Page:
Political imitation in Plato's Statesman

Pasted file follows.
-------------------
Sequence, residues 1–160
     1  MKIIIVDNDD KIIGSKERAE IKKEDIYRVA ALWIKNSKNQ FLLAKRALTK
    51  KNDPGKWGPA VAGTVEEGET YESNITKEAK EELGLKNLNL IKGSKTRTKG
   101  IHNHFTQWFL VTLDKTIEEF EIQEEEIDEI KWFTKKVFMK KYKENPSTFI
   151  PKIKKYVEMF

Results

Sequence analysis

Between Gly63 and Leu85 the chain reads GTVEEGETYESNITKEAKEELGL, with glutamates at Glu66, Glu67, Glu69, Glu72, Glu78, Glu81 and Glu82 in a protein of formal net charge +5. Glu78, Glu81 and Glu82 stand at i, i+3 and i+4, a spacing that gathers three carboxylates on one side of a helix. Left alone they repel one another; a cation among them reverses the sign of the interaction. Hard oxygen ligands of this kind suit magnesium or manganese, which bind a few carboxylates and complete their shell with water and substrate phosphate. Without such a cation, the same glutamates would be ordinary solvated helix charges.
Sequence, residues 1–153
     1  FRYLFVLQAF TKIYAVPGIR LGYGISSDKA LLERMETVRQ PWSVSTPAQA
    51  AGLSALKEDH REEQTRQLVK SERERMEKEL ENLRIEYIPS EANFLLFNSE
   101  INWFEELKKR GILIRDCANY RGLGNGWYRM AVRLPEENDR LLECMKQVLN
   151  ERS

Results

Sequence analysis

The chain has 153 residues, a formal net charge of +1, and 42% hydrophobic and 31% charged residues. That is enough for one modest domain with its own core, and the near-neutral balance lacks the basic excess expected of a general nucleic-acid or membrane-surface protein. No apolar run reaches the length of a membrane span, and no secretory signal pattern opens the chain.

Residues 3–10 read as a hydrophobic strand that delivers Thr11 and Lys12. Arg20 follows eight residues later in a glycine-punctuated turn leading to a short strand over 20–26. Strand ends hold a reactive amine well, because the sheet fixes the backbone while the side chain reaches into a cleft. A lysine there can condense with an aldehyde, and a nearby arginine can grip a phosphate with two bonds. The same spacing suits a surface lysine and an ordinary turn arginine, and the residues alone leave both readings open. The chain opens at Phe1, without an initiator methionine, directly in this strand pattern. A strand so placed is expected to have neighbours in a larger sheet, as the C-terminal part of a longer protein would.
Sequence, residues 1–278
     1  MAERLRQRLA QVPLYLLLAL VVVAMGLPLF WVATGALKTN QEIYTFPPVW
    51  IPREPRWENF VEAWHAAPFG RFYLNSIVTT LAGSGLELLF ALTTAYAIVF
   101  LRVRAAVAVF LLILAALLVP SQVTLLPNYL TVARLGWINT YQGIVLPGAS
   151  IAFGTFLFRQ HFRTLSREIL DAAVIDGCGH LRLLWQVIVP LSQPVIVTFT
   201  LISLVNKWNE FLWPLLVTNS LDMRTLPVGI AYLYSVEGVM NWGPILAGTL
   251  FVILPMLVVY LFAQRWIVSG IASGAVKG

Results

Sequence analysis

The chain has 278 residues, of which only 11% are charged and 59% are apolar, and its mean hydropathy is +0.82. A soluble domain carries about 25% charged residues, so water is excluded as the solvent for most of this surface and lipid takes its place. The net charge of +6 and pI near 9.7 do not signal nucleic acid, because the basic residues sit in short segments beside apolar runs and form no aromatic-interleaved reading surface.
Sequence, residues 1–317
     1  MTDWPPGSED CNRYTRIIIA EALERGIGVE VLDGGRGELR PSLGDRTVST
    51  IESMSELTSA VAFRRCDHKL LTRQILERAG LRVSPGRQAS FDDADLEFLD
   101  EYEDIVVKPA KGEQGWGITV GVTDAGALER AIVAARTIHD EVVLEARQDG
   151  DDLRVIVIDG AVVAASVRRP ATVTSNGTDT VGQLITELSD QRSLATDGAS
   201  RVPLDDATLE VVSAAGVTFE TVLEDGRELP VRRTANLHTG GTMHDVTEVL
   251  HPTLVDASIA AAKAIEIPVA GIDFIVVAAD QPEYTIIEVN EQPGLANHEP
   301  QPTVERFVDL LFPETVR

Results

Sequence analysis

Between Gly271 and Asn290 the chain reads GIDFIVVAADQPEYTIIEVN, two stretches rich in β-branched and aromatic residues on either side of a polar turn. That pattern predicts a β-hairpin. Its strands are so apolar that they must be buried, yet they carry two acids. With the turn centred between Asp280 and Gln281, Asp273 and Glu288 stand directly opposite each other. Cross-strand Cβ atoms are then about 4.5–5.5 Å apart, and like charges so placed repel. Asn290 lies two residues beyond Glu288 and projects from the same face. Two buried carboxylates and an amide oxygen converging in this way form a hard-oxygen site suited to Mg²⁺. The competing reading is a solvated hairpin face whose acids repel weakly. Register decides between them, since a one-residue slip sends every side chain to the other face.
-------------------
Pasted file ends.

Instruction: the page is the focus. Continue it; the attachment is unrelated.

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In Plato’s Statesman, the Eleatic Visitor claims that the city in which unchanging law rules imitates the true city in which the political expertise of the statesman rules. The imitation, as I argue, lies in the likeness between the agreement about what is just in the two kinds of cities. The agreement that the law is just enables a kind of harmony between the parts, namely the opposing groups of citizens, of the whole city in the city where law rules. Law, in so far as it prescribes what is good for the whole city rather than a part, takes the place of the statesman in this city. The agreement between the opposing parts of the city makes the law effective and so gives unity to the city in imitation of the statesman’s rule.